No Happy Meals -- San Francisco banned the sale of McDonald's Happy Meals in late 2010. Lawmakers in other states have called for a ban on toys in the meals.
Photographer: David Paul Morris/Getty Images
CLEVELAND - One year after major restaurant chains pledged to make kids meals healthier, several menu items targeted to children are still loaded with sodium, sugar, and cholesterol, according to one new study.
McDonald's cheeseburger Happy Meal contains more sodium than 13 orders of McDonald's kids fries, according to the findings by the non-profit Physicians Committee for Responsible Medicine.
Their study highlights the five worst "healthy" fast-food kids meals, with Burger King's hamburger Kids Meal also making the list. The study criticizes the meal for having as much cholesterol as six slices of pork bacon.
"It isn't a healthy meal if the cheeseburger's still on the plate," explained PCRM nutrition education director Susan Levin. "Fast food companies are trying to pull the wool over parents' eyes by adding apple slices to a fat-loaded meal."
The five worst "healthy" fast-food kids meals are:
- Chick-fil-A Kids Grilled Nuggets Kids Meal: Contains the same amount of cholesterol as a Big Mac.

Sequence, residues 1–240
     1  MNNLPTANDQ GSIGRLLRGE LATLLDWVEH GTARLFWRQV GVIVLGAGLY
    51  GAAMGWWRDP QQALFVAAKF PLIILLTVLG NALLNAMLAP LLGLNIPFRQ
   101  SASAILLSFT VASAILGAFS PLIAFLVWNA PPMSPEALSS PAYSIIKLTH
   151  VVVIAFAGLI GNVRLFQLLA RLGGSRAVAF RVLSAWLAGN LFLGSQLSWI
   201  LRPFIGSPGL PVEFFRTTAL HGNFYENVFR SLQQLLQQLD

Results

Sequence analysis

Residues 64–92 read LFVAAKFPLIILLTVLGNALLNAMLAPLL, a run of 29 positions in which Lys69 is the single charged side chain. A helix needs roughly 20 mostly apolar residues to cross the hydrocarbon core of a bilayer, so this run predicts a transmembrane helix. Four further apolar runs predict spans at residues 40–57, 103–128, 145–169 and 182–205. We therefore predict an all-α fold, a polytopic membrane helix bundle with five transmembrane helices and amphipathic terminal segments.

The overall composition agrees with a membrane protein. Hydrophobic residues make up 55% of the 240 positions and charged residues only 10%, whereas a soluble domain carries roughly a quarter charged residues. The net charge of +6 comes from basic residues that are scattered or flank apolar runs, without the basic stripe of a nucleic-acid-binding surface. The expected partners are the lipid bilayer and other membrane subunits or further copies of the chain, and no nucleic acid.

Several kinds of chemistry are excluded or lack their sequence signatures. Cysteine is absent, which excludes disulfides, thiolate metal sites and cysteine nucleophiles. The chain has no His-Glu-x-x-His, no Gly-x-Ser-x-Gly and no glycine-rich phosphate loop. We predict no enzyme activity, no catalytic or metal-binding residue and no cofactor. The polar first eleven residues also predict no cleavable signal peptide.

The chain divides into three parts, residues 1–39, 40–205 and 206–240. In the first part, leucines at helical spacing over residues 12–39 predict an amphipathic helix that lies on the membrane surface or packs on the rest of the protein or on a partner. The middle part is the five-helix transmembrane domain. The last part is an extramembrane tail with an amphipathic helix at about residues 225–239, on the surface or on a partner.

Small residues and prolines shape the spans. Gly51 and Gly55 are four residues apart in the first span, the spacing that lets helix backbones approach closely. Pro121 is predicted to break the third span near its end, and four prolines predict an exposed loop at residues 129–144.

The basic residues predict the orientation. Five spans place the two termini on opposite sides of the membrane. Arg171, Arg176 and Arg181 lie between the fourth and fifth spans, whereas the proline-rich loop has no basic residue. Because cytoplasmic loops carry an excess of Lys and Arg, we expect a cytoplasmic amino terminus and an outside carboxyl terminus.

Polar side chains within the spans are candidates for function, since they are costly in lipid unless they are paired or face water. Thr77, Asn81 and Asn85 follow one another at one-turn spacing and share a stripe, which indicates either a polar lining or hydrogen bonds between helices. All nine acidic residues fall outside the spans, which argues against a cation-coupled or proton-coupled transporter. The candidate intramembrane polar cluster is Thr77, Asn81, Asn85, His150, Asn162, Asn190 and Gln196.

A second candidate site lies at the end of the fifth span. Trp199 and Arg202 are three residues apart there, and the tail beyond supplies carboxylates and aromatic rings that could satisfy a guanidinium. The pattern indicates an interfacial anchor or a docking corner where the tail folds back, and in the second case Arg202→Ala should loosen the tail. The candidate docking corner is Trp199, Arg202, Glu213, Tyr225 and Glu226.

- McDonald's Cheeseburger Happy Meal: Contains more sodium than 13 orders of McDonald's kids fries.
- Sonic Kids' Jr. Burger Meal: Contains more sugar than two Twinkies.
- Burger King Hamburger Kids Meal: Contains almost as much cholesterol as six slices of pork bacon.
- Denny's Build Your Own Jr. Grand Slam: Contains almost 100 more milligrams of sodium than the government recommends children consume at breakfast.
Last July, the high-profile Kids LiveWell campaign was launched by the National Restaurant Association, where 19 restaurant chains, including Burger King and Chick-fil-A, pledged to offer and promote healthier kids meals, PCRM dieticians said. While the non-profit noted McDonald's doesn't participate in Kids LiveWell, they announced plans last July to make its Happy Meals more nutritious.
You can read the 4-page report in a .pdf file by clicking the following link: http://on.wews.com/Mr9MRr
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